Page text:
feels. For example, Mother stated that Son will say things like my brain is angry, Im crying
right now and I want to stop but I cant, I will stop in a little bit.
Psychosocially, Son has trouble understanding rules that are set forth by others. In a lot of
ways it appears like he still has a very egocentric view of the world and cannot see things from a
different persons perspective. Mother stated that in order for him to follow rules around the
house or to get him to do something he does not want to do, such as homework, she has to use
the rewards system. She has a token board in her house and every time Son follows the rules or
does something she asks of him, he receives tokens for it. These tokens eventually add to up time
playing video games or watching television.
To help with Sons moral development, Mother is a very big advocate on going to
church. She and her family are very spiritual and believe that going to church gives Son
something to think about and helps teach him the right morals and values. Mother tries to have
Son examine things from a different persons perspective so he can see the consequences of his
actions and how they make other people feel. For example, Mother would ask things like how
do you think they feel? and tell him things like Jesus wouldnt want you to do that. For Son

FAMILY/CHILD ASSESSMENT

and his family, spirituality is an important aspect of their life that plays a big part in Sons
development.
Family/Child Resources
Internal Resources
This familys affluence plays a big part in their relationship with one another. Because
Son needs a lot of medical care, both Mother and Father are forced to work to provide for their
family. Mother also did a lot of extensive research into the law and about parents rights in order
to get Son the adequate care he needed both medically and in school. The fact that Mother is a
nurse at DMC provides her with a lot of resources that she would not have otherwise. She is able
to ask coworkers about different research or techniques that may help with Sons care. Mother
did state, however that she wishes that navigating through the healthcare system for a child with
autism was easier. She said that they had to go to many different doctors and get many referrals
before Son could get the care that he needed.
External Resources
The education system, after Mother had to fight to get the care Son needed, has been a
very big resource for this family. All of Sons specialists that he sees on a daily basis come while
he is at school to help him in his activities of daily living. The school district also provided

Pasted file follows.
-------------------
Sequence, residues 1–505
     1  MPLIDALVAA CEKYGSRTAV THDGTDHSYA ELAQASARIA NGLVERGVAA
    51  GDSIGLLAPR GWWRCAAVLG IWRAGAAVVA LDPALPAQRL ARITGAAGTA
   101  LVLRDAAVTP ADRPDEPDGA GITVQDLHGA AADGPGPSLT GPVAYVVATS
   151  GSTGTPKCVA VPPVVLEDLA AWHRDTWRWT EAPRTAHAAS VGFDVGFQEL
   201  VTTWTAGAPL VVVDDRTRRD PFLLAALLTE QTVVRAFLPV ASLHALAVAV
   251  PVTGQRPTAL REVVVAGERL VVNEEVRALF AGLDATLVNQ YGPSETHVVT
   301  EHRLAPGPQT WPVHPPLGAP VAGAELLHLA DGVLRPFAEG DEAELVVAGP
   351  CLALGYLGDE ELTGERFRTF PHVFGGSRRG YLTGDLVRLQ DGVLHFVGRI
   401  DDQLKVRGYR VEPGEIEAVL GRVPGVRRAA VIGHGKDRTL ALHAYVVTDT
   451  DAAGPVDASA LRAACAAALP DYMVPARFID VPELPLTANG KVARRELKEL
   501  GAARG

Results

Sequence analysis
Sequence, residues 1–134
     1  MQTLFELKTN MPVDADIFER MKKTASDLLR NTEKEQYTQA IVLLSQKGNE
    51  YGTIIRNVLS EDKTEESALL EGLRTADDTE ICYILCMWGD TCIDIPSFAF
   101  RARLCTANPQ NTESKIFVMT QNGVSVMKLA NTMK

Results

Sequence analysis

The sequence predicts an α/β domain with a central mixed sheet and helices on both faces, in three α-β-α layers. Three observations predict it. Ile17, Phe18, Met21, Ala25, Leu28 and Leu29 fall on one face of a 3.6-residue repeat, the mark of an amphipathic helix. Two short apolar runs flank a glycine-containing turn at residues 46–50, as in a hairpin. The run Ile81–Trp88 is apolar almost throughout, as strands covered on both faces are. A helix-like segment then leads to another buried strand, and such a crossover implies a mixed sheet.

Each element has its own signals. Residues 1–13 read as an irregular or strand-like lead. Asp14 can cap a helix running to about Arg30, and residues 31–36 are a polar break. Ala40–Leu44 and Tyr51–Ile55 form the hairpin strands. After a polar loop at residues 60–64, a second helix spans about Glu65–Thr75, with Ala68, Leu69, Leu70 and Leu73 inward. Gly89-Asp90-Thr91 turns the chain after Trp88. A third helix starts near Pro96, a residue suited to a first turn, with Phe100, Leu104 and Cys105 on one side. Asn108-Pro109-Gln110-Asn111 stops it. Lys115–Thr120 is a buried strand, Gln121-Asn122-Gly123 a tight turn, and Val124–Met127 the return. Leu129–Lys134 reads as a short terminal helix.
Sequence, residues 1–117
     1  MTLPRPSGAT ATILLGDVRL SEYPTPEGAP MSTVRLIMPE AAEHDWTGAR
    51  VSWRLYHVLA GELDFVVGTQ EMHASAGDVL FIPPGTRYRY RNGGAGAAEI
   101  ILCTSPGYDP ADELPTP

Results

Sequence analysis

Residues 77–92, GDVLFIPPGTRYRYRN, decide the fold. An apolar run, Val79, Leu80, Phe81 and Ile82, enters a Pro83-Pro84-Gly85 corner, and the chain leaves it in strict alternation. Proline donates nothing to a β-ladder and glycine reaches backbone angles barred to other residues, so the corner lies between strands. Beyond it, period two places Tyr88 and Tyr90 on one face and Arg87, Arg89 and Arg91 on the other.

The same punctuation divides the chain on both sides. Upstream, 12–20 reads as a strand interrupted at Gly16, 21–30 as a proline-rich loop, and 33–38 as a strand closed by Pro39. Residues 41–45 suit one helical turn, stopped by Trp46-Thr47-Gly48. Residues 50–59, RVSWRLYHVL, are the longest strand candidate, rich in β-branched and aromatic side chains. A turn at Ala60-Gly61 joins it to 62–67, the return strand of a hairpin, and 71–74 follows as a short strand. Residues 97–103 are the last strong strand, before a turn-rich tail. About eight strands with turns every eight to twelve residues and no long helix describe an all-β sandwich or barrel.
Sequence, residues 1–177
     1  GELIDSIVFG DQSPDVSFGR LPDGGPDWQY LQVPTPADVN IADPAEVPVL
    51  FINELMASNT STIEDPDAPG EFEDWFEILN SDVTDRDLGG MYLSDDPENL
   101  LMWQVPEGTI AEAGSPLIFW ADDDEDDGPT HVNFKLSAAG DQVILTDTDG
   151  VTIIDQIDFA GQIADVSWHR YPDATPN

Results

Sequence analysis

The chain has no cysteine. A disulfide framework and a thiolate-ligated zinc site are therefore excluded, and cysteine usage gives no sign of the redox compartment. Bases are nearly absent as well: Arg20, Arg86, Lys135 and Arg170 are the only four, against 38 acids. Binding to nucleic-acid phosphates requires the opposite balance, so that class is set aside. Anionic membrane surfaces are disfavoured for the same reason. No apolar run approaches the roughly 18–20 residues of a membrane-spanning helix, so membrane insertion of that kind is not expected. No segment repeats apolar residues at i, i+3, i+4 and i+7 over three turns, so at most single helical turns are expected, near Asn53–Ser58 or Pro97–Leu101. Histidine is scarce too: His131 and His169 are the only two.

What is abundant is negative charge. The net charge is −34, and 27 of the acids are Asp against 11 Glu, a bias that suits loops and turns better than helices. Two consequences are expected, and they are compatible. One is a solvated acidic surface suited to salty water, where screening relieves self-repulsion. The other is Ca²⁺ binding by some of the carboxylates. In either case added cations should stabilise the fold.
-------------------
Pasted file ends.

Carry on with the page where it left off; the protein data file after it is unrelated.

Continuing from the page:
parenting classes that helped teach Mother how to care for a child with autism and helped them
create a game plan to help him throughout school. The church that they attend has also been a
very big resource for this family. They attend The Church of Christ where they have enormous
support from the whole community. Everybody at the church knows about Sons condition and is
understanding and helpful to the family. There are no other organizations or institutions that Son
and his family are a part of or receive support from.

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Anticipatory Guidance

Nutrition
The first point of guidance was for the family to attempt to have a common dinner time
more often. During the interview, Mother stated that she and Father do not spend much time
together, making it seem as if the family as a whole does not get time together either. If the
family could eat together, it would enable the family as a whole to spend time together. This
would increase familial bonding and ensure that nutritious meals are being consumed. It would
also assist the father in learning how to better handle and care for his children so that he is not as
drained at the end of the weekend. In addition, a brief review of the food pyramid would also be
beneficial for this family to remind them of what should be consumed. Though meals consist of
mostly nutritious foods, there are times when unhealthy foods are provided to avoid conflict. The
family was referred to myplate.org to compare their habits to the nation's standard for daily
intake.
Physical
Because of Son's developmental delays, it is difficult for him to practice many personal